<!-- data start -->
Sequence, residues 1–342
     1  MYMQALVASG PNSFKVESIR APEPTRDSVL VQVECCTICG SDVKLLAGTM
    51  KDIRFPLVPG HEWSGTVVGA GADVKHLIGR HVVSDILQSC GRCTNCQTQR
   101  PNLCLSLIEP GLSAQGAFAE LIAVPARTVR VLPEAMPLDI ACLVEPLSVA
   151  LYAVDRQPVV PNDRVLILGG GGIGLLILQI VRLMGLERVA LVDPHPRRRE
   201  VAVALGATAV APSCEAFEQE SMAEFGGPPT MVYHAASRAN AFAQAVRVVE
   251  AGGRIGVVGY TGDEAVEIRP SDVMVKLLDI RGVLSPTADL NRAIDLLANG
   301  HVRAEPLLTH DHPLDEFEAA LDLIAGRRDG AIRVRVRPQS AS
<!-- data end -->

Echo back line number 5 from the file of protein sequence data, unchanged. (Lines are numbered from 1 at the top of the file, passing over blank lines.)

   151  LYAVDRQPVV PNDRVLILGG GGIGLLILQI VRLMGLERVA LVDPHPRRRE